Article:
These results show how alternative FPD values can be delivered from this single packaged formulation to achieve the most cost-effective solution for the delivery of a clinically efficacious dose. For example, if we take a FPF to be 30%, then to achieve a FPD of approximately 75 µg, we can either use a metered dose of 260 µg delivered using the standard 0.30mm actuator or a smaller dose — 160 µg coupled with a smaller 0.22 mm actuator orifice — depending on which is found to be the most clinically effective, safest and least expensive overall option.

A platform for progress

Beyond faster product development and cost optimisation, the high degree of understanding of MDI behaviour encapsulated by the preceding design procedures provides a secure foundation to focus on improving the patient’s experience of using MDIs. Reduction of undesirable oropharyngeal drug deposition may be achieved with add-on devices such as spacers and holding chambers, but also by careful formulation and device design such that drug delivery is focused upon the intended targeted region.

For example, Equation 3 indicates that reducing cosolvent content below 5% w/w, so that HFA content can be pushed up to >95%, can result in an ex-valve FPF of more than 70%. A reduction in drug loading would be necessary to ensure solubility in the face of reduced cosolvent concentration, but the potential prize is highly efficient drug delivery with conventional hardware.

This approach is exemplified by the reformulation of a Pulmicort, a CFC suspension-based product that delivers the API Budesonide. The example reference product delivers a FPD of 8 µg from a metered dose of 50 µg (FPF = 17%). At low ethanol concentrations, an HFA 134a-based alternative can deliver an FPF of 82%, thereby providing a 9 µg FPD from an 11 µg metered dose. This is clearly an attractive proposition in terms of drug usage that delivers substantially reduced oropharyngeal drug deposition, an added attraction for the patient. Such performance can be readily achieved, even without advances in device technology, simply by using the knowledge available to exploit the performance of current hardware.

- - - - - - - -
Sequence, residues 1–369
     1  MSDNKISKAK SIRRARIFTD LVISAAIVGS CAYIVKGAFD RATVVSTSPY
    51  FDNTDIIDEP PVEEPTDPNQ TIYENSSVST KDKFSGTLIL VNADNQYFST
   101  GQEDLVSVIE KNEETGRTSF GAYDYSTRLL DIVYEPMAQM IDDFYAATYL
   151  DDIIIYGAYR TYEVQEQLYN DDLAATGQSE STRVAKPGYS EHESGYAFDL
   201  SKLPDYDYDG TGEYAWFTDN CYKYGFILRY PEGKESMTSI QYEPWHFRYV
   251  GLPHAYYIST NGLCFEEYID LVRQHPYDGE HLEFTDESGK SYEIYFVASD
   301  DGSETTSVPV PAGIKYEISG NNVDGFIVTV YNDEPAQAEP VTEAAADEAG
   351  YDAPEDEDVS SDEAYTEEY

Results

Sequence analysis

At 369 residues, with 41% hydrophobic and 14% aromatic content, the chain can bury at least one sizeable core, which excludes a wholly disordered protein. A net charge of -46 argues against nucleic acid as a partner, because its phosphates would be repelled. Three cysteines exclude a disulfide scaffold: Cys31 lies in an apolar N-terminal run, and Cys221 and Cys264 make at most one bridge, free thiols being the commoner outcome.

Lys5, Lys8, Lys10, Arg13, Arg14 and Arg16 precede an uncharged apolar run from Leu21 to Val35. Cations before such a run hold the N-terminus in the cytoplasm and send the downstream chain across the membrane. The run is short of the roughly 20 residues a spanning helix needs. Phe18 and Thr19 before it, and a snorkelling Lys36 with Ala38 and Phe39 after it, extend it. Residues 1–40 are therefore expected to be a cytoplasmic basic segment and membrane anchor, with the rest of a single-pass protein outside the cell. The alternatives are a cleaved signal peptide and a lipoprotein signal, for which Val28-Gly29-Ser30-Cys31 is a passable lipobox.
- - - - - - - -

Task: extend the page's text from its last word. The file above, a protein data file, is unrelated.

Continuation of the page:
In conclusion

Exploiting the full potential of a technology relies in the first instance on developing a comprehensive understanding of how it works. The performance of solution MDIs is arguably better understood than that of any other orally inhaled product as evidenced from the empirical equations presented here, which enable the prediction of MMAD and ex-valve FPF from the geometry of a device and the composition of the formulation. These equations allow product developers to manipulate characteristics such as actuator orifice diameter, NVC and cosolvent content to control the efficiency of drug delivery. Such correlations support the reformulation and development of products that combine optimised cost-efficiency with high patient acceptance, as a result of low oropharyngeal deposition, potentially leading to “warmer” and “softer” drug delivery.

References

  1. D.A. Lewis, et al., “Theory and Practice with Solution Systems,” in R.N. Dalby, et al. (Eds.), Respiratory Drug Delivery 2004. Volume 1 (DHI Publishing, River Grove, IL, USA, 2004): pp 109–115.
  2. D.A. Lewis, “A Priori Design of Metered Dose Inhalers,” Respiratory Drug Delivery Asia 1, 187–198 (2016).